John Wiley & Sons, Ltd.

Spatial and temporal trends in contaminant concentrations in Hexagenia nymphs following a coal ash spill at the Tennessee Valley Authority‘s Kingston Fossil Plant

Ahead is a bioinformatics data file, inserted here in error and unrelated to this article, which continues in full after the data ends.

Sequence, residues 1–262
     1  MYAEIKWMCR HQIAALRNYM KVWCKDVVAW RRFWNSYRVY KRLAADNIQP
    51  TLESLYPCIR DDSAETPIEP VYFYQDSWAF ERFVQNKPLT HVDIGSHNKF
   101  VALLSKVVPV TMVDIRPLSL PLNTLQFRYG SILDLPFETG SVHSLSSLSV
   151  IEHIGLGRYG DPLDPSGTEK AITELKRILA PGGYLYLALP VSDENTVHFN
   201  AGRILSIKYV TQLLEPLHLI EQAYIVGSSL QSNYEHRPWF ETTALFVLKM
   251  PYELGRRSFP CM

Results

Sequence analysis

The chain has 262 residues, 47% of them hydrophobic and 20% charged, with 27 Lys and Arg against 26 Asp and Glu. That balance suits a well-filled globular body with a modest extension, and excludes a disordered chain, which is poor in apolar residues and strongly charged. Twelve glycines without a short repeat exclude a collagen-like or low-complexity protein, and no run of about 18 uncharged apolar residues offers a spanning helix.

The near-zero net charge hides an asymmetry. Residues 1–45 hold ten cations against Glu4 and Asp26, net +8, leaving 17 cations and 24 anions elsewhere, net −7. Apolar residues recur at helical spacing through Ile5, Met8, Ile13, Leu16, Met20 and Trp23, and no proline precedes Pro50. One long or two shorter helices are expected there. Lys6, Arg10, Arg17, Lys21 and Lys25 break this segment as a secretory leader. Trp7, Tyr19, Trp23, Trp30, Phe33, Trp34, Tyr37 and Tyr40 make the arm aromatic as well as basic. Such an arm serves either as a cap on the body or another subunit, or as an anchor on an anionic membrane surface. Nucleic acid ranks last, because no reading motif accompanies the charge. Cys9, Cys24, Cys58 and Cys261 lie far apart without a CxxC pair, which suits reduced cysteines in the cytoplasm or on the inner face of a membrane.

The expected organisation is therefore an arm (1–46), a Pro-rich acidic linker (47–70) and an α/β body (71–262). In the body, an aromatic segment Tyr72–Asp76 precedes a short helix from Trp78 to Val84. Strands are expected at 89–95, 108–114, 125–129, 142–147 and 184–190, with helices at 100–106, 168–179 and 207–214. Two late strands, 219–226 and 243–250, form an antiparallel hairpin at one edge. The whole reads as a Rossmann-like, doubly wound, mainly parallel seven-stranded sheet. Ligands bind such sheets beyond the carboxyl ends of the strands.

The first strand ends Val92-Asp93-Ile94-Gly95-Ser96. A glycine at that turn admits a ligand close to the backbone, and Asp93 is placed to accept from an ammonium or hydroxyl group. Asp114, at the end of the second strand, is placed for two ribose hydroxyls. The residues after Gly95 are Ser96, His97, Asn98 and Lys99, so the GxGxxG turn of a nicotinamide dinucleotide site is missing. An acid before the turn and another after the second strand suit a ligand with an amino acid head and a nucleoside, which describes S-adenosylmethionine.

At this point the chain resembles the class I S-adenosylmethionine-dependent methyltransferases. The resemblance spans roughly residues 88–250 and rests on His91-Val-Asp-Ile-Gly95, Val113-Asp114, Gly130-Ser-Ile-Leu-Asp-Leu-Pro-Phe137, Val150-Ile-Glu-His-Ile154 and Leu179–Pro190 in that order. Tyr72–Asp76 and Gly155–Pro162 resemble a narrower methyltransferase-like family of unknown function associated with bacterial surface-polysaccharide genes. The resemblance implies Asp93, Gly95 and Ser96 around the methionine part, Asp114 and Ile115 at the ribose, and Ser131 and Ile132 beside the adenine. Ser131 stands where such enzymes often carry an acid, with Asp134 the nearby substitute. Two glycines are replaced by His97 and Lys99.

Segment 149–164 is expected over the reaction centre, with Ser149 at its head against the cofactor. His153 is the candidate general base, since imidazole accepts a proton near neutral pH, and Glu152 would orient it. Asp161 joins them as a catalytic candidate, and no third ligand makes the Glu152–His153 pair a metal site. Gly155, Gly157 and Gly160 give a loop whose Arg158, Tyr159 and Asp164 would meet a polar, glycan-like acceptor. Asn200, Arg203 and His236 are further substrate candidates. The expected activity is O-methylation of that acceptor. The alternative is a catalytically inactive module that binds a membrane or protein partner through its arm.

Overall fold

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A dike failure at the Tennessee Valley Authority (TVA) Kingston Fossil Plant in East Tennessee, United States, in December 2008 released approximately 4.1 million m3 of coal ash into the Emory River. From 2009 through 2012, samples of mayfly nymphs (Hexagenia bilineata) were collected each spring from sites in the Emory, Clinch, and Tennessee Rivers upstream and downstream of the spill. Samples were analyzed for 17 metals. Concentrations of metals were generally highest the first 2 miles downstream of the spill, and then decreased with increasing distance from the spill. Arsenic, B, Ba, Be, Mo, Sb, Se, Sr, and V appeared to have strong ash signatures, while Co, Cr, Cu, Ni and Pb appeared to be associated with ash and other sources. However, the concentrations for most of these contaminants were modest and are unlikely to cause widespread negative ecological effects. Trends in Hg, Cd, and Zn suggested little (Hg) or no (Cd, Zn) association with ash. Temporal trends suggested that concentrations of ash‐related contaminants began to subside after 2010, but because of the study's limited time period (4 yr), further monitoring is needed to verify this trend. This study provides important information on the magnitude of contaminant exposure to aquatic receptors from a major coal ash spill, as well as, spatial and temporal trends for transport of the associated contaminants in a large open watershed. This article is protected by copyright. All rights reserved

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